Filing 50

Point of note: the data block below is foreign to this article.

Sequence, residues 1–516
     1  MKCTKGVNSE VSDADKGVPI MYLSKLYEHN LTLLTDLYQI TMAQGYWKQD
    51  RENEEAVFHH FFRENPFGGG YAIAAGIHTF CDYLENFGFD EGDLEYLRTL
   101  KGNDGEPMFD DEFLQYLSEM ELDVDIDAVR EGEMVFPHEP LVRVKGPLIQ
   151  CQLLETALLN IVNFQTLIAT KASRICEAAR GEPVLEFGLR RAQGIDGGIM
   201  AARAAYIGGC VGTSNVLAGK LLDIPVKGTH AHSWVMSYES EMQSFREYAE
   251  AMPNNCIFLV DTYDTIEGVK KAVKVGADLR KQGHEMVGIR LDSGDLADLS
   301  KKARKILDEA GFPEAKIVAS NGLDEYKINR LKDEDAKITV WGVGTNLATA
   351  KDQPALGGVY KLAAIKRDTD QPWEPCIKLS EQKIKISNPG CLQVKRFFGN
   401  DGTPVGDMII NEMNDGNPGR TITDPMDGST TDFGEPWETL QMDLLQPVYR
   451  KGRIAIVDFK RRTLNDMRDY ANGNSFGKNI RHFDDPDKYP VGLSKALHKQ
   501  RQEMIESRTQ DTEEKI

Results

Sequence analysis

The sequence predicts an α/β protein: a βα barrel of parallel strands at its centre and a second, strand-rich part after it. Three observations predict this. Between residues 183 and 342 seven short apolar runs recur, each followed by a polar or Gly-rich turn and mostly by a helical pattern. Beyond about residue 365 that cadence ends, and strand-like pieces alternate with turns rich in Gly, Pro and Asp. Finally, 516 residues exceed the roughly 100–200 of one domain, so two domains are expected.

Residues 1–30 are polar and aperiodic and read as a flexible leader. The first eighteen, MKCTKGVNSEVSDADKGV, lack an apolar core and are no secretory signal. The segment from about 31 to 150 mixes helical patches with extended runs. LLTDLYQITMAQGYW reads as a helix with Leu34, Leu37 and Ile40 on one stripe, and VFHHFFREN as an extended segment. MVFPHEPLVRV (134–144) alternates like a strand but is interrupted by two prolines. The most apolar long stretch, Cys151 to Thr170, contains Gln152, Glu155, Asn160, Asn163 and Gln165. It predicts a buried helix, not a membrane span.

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IN THE UNITED STATES DISTRICT COURT FOR THE EASTERN DISTRICT OF PENNSYLVANIA RONALD GOODE, Plaintiff, CIVIL ACTION NO. 11-6420 v. MAYOR MICHAEL NUTTER, et al., Defendants. OPINION Slomsky, J. I. August 8, 2017 INTRODUCTION Plaintiff Ronald Goode, proceeding pro se, brings this suit against Former Mayor Michael Nutter, Former Commissioner Louis Giorla, Former Warden John Delaney, and Former Warden Michele Farrell (collectively “Defendants”) for alleged violations of his constitutional rights stemming from the conditions of his pretrial confinement at the Curran-Fromhold Correctional Facility (“CFCF”) in Philadelphia, Pennsylvania. (Doc. No. 32.) Defendants filed a Motion to Dismiss the claims against them under Federal Rule of Civil Procedure 12(b)(6), which is now before the Court for a disposition. (See Doc. No. 42.) II. BACKGROUND Plaintiff Ronald Goode alleges that he suffered federal civil rights violations due to the overcrowded conditions at Curran-Fromhold Correctional Facility (“CFCF”) in Philadelphia, Pennsylvania, where he was incarcerated as a pretrial detainee at the time he instituted this action. In the Second Amended Complaint, Plaintiff asserts that Defendants’ failure to address overcrowding amounted to a constitutional violation, triggering civil liability under 42 U.S.C. § 1983 (commonly referred to as “Section 1983”). (Doc. No. 32.) Plaintiff claims that the 1 overcrowded conditions of pretrial confinement violated his due process rights under the Fourteenth Amendment. He alleges that he was placed in a “triple-cell,” a two person cell with a plastic boat on the floor for a third inmate. (Doc. No. 30 at 1). Plaintiff also alleges that the overcrowded conditions included: “inadequate laundry access and medical care; unsanitary food handling; insufficient recreational space; [and] rodent infestations.” 1 (Id.) Such conditions led Plaintiff to suffer acid burns, chronic back pain, and migraine headaches. (Id.) On October 13, 2011, Plaintiff, proceeding pro se, initiated this action against Defendants. (Doc. No. 1.) On November 24, 2014, Plaintiff filed an Amended Complaint. (Doc. No. 21.) On September 18, 2015, the Honorable Norma Shapiro of the Eastern District of Pennsylvania issued an Opinion and an Order dismissing the Amended Complaint and granting Plaintiff leave to amend. (Doc. Nos. 30-31.) In response, on October 1, 2015, Plaintiff filed the Second Amended Complaint against Defendants. (Doc. No. 32.) On March 8, 2017, Defendants filed a Motion to Dismiss the Second Amended Complaint for Failure to State a Claim. (Doc. No. 42.) This Motion is presently before this Court for a decision. 2 III. STANDARD OF REVIEW The motion to dismiss standard under Federal Rule of Civil Procedure 12(b)(6) is set forth in Ashcroft v. Iqbal, 556 U.S. 662 (2009). After Iqbal it is clear that “threadbare recitals of the elements of a cause of action, supported by mere conclusory statements do not suffice” to 1 In the Second Amended Complaint, Plaintiff briefly mentions an assault. (Doc. No. 32 at 2.) Plaintiff explained to the Court, however, that the assault is the basis of a separate cause of action, and will not be considered here. (See Civil Action No. 13-3682, Doc. No. 91 at 4:175:20.) 2 In reaching a decision, the Court has considered the Second Amended Complaint (Doc. No. 32) and the Motion to Dismiss (Doc. No. 42). On May 11, 2017, the Court granted Plaintiff an extension of time to file a response in opposition to the Motion. (Doc. No. 49.) Pursuant to the May 11, 2017 Order, Plaintiff was required to file a response on or before May 31, 2017. (Id.) However, no response was filed. 2 defeat a Rule 12(b)(6) motion to dismiss. Id. at 663; see also Bell Atl. Corp. v. Twombly, 550 U.S. 544 (2007). “To survive a motion to dismiss, a complaint must contain sufficient factual matter, accepted as true, to state a claim to relief that is plausible on its face.” Ethypharm S.A. France v. Abbott Labs., 707 F.3d 223, 231 n.14 (3d Cir. 2013) (citing Sheridan v. NGK Metals Corp., 609 F.3d 239, 262 n.27 (3d Cir. 2010)). “A claim has facial plausibility when the plaintiff pleads factual content that allows the court to draw the reasonable inference that the defendant is liable for the misconduct alleged.” Id. Applying the principles of Iqbal and Twombly, the Third Circuit in Santiago v. Warminster Twp., 629 F.3d 121 (3d Cir. 2010), set forth a three-part analysis that a district court in this Circuit must conduct in evaluating whether allegations in a complaint survive a 12(b)(6) motion to dismiss: First, the court must “tak[e] note of the elements a plaintiff must plead to state a claim.” Second, the court should identify allegations that, “because they are no more than conclusions, are not entitled to the assumption of truth.” Finally, “where there are well-pleaded factual allegations, a court should assume their veracity and then determine whether they plausibly give rise to an entitlement for relief.” Id. at 130 (quoting Iqbal, 556 U.S. at 675, 679). “This means that our inquiry is normally broken into three parts: (1) identifying the elements of the claim, (2) reviewing the complaint to strike conclusory allegations, and then (3) looking at the well-pleaded components of the complaint and evaluating whether all of the elements identified in part one of the inquiry are sufficiently alleged.” Malleus v. George, 641 F.3d 560, 563 (3d Cir. 2011). A complaint must do more than allege a plaintiff’s entitlement to relief, it must “show” such an entitlement with its facts. Fowler v. UPMC Shadyside, 578 F.3d 203, 210-11 (citing Phillips v. Cnty. of Allegheny, 515 F.3d 224, 234-35 (3d Cir. 2008)). “[W]here the well-pleaded facts do not permit the court to infer more than the mere possibility of misconduct, the complaint has alleged — but it has not ‘shown’ — ‘that the pleader is entitled to relief.’” Iqbal, 556 U.S. at 3 679. The “plausibility” determination is a “context-specific task that requires the reviewing court to draw on its judicial experience and common sense.” Id. When determining a motion to dismiss, the court must “accept all factual allegations in the complaint as true and view them in the light most favorable to the plaintiff.” Buck v. Hampton Twp. Sch. Dist., 452 F.3d 256, 260 (3d Cir. 2006). Where, as here, the complaint is filed pro se, the “complaint, ‘however inartfully pleaded’ must be held to ‘less stringent standards than formal pleadings drafted by lawyers.’” Fatone v. Latini, 780 F.3d 184, 193 (3d Cir. 2015) (quoting Haines v. Kerner, 404 U.S. 519, 520-21 (1972)). It should be dismissed only if it appears “beyond doubt that the plaintiff can prove no set of facts in support of [his] claim that would entitle [him] to relief.” Olaniyi v. Alexa Cab Co., 239 F. App’x 698, 699 (3d Cir. 2007) (citing McDowell v. Del. State Police, 88 F.3d 188, 189 (3d Cir. 1996)). IV. ANALYSIS The Second Amended Complaint raises a claim against Former Mayor Michael Nutter, Former Commissioner Louis Giorla, Former Warden John Delaney, and Former Warden Michele Farrell (“Defendants”) pursuant to 42 U.S.C. § 1983 (“Section 1983”). (Doc. No. 32.) Plaintiff challenges his conditions of confinement and contends that the overcrowded conditions at CFCF amount to a violation of his due process rights under the Fourteenth Amendment. (Id.) Pursuant to Federal Rule of Civil Procedure 12(b)(6), Defendants seek to dismiss the Second Amended Complaint in its entirety for failure to state a claim. (Doc. No. 42.) A. Plaintiff Has Failed to State an Underlying Constitutional Violation Plaintiff contends that he was incarcerated at CFCF in overcrowded conditions, which constituted a violation of his due process rights under the Fourteenth Amendment. (Doc. No. 32.) To state a Section 1983 claim, a plaintiff must allege the violation of a right secured by the 4 Constitution and laws of the United States and must show that the alleged deprivation was committed or caused by a person acting under color of state law. West v. Adkins, 487 U.S. 42, 48 (1988). Defendants argue that the facts in the Second Amended Complaint do not plausibly suggest a violation of a right secured by the Constitution. (Doc. No. 42.) Challenges to the constitutionality of pretrial confinement are evaluated under the due process clause of the Fourteenth Amendment. Bell v. Wolfish, 441 U.S. 520, 535 (1979). Under the due process clause, “a detainee may not be punished prior to an adjudication of guilt in accordance with due process of law.” Hubbard v. Taylor, 399 F.3d 150, 158 (3d. Cir. 2005). To decide whether a pretrial detainee’s constitutional rights have been violated, a court must ask whether the condition “is imposed for punishment or . . . [for] some other legitimate government purpose.” Bell, 441 U.S. at 538. [I]f a particular condition or restriction of pretrial detention is reasonably related to a legitimate governmental objective, it does not, without more, amount to “punishment.” Conversely, if a restriction or condition is not reasonably related to a legitimate goal -- if it is arbitrary or purposeless -- a court permissibly may infer that the purpose of the governmental action is punishment that may not constitutionally be inflicted upon detainees. Id. at 539. The United States Court of Appeals for the Third Circuit has distilled Bell’s teachings into two-step test. See Union County Jail Inmates v. Di Buono, 713 F.2d 984, 992 (3d Cir. 1983). The first step requires an analysis of “whether any legitimate purposes are served by these conditions,” and the second step asks “whether these conditions are rationally related to these purposes.” Id. In Di Buono, the Third Circuit continued: “In assessing whether the conditions are reasonably related to the assigned purposes, we must, further, inquire as to whether these conditions ‘cause [inmates] to endure [such] genuine privations and hardship over an extended period of time,’ that the adverse conditions become excessive in relation to the purposes assigned for them.” Id. (quoting Bell, 441 U.S. at 542). To determine whether given 5 conditions constitute “punishment,” a court must therefore consider the totality of circumstances within an institution. Di Buono, 713 F.2d at 996. Here, Plaintiff alleges that he was “unlawfully housed” in three-person and four-person prison cells, but does not elaborate further about the impact of the allegedly overcrowded cells in the Second Amended Complaint. (Doc. No. 32 at 1-3.) Previously, in his Amended Complaint, Plaintiff claimed that the overcrowded conditions caused denial of assistance for serious medical needs, constant “lock-downs,” and “fear . . . caused by violence over the shortage of phones, showers, recreation activity.” (Doc. No. 21 at 3-4.) Plaintiff also explained that he was housed in a 7’ x 10’ cell with two other inmates. (Id. at 6.) The cell was designed for two people, so the third occupant slept on a plastic bed on the floor adjacent to the toilet. (Id.) A plaintiff who fails to provide sufficient information to establish that he suffered “genuine privations and hardship over an extended period of time,” will be unable to demonstrate that his due process rights were violated. See Tapp v. Proto, 718 F. Supp. 2d 598, 613 (E.D. Pa. 2010) (holding that a plaintiff had “failed to show that any deprivation he suffered was sufficiently serious to rise to the level of a constitutional violation” despite pleading that he was subjected to triple-bunking—placement of three men in a two-man cell—for up to six weeks); Allah v. Ricci, 532 F. App’x 48, 50-51 (3d Cir. 2013) (finding that a cell that leaked water when it rained was not a violation of the prisoner’s constitutional rights); Gardner v. Lanigan, No. 13-7064, 2013 U.S. Dist. LEXIS 177603, at *12 (D.N.J. Dec. 18, 2013) (concluding that a plaintiff who provided only a “bare bones statement that, at some point in time, he slept on a cold floor and he was confined to a cell lacking light and drinking water, without more, is not factually sufficient” to sustain a successful constitutional claim under Iqbal); Wagner v. Algarin, No. 10-2513, 2010 U.S. Dist. LEXIS 133433, at *1 (E.D. Pa. Dec. 16, 2010) 6 (holding that a plaintiff who alleged that he had been required to sleep in “hazardous” conditions in gyms, classrooms, and cells with limited space per person had not alleged facts sufficient to persuade the court that the conditions of his confinement amounted to punishment in violation of his constitutional rights). Viewing the facts in the light most favorable to Plaintiff, he has not provided the Court with sufficient facts to plausibly allege a violation of his Fourteenth Amendment right to due process. In his Second Amended Complaint, Plaintiff did not provide information concerning the size of the cell, the number of persons the cell was designed for, the type of beds Plaintiff slept in, or the duration of this condition. He did not explain how his conditions of confinement amounted to punishment in violation of the Fourteenth Amendment. Bell, 441 U.S. at 538-39. Nor did he explain that these conditions were not imposed for any legitimate government purpose. Id. Plaintiff has submitted insufficient information to demonstrate “genuine privations and hardship over an extended period of time.” Di Buono, 713 F.2d at 992. Because Plaintiff has not stated an underlying constitutional violation for his Section 1983 claim, the Second Amended Complaint will be dismissed. B. Plaintiff Has Not Plausibly Alleged Facts Showing Each Defendant’s Personal Involvement in the Alleged Wrongdoing Defendants argue that Plaintiff failed to allege that they had any personal involvement in creating the overcrowded conditions at CFCF. (Doc. No. 42.) To state a Section 1983 claim, a plaintiff must allege that a defendant had “personal involvement in the alleged wrongdoing.” See Phelps v. Flowers, 514 F. App’x 100, 102 (3d Cir. 2013) (writing that “liability under § 1983 cannot be premised on the theory of respondeat superior; instead, each individual must have personal involvement in the alleged wrongdoing”); 7 see also Rode v. Dellarciprete, 845 F.2d 1195, 1207 (3d Cir. 1988) (establishing that “A defendant in a civil rights action must have personal involvement in the alleged wrongs; liability cannot be predicated solely on the operation of respondeat superior.”). “A plaintiff makes sufficient allegations of a defendant’s personal involvement by describing the defendant’s participation in or actual knowledge of and acquiescence in the wrongful conduct.” Chavarriaga v. New Jersey Dept. of Corrs., 806 F.3d 210, 222 (3d Cir. 2015). In addition, although a court may infer that a defendant had “contemporaneous knowledge of wrongful conduct from the circumstances . . . the knowledge must be actual, not constructive.” Id. (citing Baker v. Monroe Twp., 50 F.3d 1186, 1194 (3d Cir. 1995)). A plausibly stated Section 1983 claim will include the conduct, time, place, and persons responsible for the alleged wrongdoing. Boykins v. Ambridge Area Sch. Dist., 621 F.2d 75, 80 (3d Cir. 1980). Plaintiff alleges that Defendants were vicariously liable for the overcrowded conditions at CFCF. 3 Specifically, Plaintiff alleges Former Mayor Michael Nutter “fail[ed]” to handle the overcrowding problem and “ignore[d]” the violation of constitutional rights. (Doc. No. 32 at 2.) Similarly, Plaintiff claims that Former Commissioner Louis Giorla “fail[ed]” to handle the overcrowding problem. (Id.) Plaintiff states that Former Warden John Delaney was warden at the time that Plaintiff initiated this action in 2011. (Id.) Finally, Plaintiff did not provide any information to support his claim against Former Warden Michele Farrell. (See id.) Plaintiff did not articulate any specific conduct by the Defendants which led to the conditions of which he complained. 4 Plaintiff has not alleged the personal involvement of 3 The United States Supreme Court has held that Section 1983 claims cannot be based on vicarious liability. Pembaur v. City of Cincinnati, 475 U.S. 469, 479 (1986). 4 Plaintiff also did not articulate the particular time and place pertinent to the conditions of which he complained. 8 Defendants Michael Nutter, Louis Giorla, John Delaney, or Michele Farrell in creating or maintaining the allegedly overcrowded conditions of confinement in CFCF in their individual capacities. Therefore, the Second Amended Complaint against Defendants will be dismissed. 5 V. CONCLUSION For the foregoing reasons, Defendants’ Motion to Dismiss (Doc. No. 42) will be granted. An appropriate Order follows. 5 Plaintiff will not be granted leave to further amend the Second Amended Complaint. Federal Rule of Civil Procedure 15(a) provides that “leave [to amend] shall be freely given when justice so requires.” Fed. R. Civ. P. 15(a). Among the grounds that could justify a denial of leave to amend are undue delay, bad faith, dilatory motive, prejudice, and futility. In re Burlington Securities Litigation, 114 F.3d 1410, 1434 (3d Cir. 1997). For example, “a district court need not grant leave to amend a complaint if ‘the complaint, as amended, would fail to state a claim upon which relief could be granted.’” Kundratic v. Thomas, 407 F. App’x 625, 630 (3d Cir. 2011) (quoting Shane v. Fauver, 213 F.3d 113, 115 (3d Cir. 2000)). After reviewing the procedural history of this case, it is clear that allowing Plaintiff to amend his pleadings once again would be futile. More than five years ago, on October 13, 2011, Plaintiff initiated this action. (Doc. No. 1.) He filed an Amended Complaint on November 24, 2014. (Doc. No. 21.) Thereafter, Defendants filed a Motion to Dismiss. (Doc. No. 23.) On March 19, 2015, Plaintiff filed a Response in Opposition to the Motion. (Doc. Nos. 2728.) On September 18, 2015, the Honorable Norma Shapiro of the Eastern District of Pennsylvania issued an Opinion and Order dismissing the Amended Complaint and granting Plaintiff leave to amend. (Doc. Nos. 30-31.) In response, Plaintiff filed the Second Amended Complaint. (Doc. No. 32.) On March 8, 2017, Defendants filed a Motion to Dismiss the Second Amended Complaint. (Doc. No. 42.) Subsequently, the Court ordered Plaintiff to respond to the Motion on or before April 19, 2017. (Doc. No. 43.) The Court extended Plaintiff’s deadline to respond to May 4, 2017. (Doc. No. 46.) Thereafter, Plaintiff filed a Motion for Enlargement of Time to Respond. (Doc. No. 47.) On May 11, 2017, the Court granted Plaintiff’s Motion for Enlargement of Time and ordered Plaintiff to respond by May 31, 2017. (Doc. No. 49.) To date, Plaintiff has not filed a response to the Motion to Dismiss. Thus, at this point, there has been not one, but two rounds of motions practice on Defendants’ Motions to Dismiss. Plaintiff has filed three different complaints in this action, and has had two opportunities to amend the Complaint over the course of more than five years of litigation. Further amendment will not cure the defects in the claims raised. Consequently, amending the Second Amended Complaint would be futile and leave to amend will not be granted. 9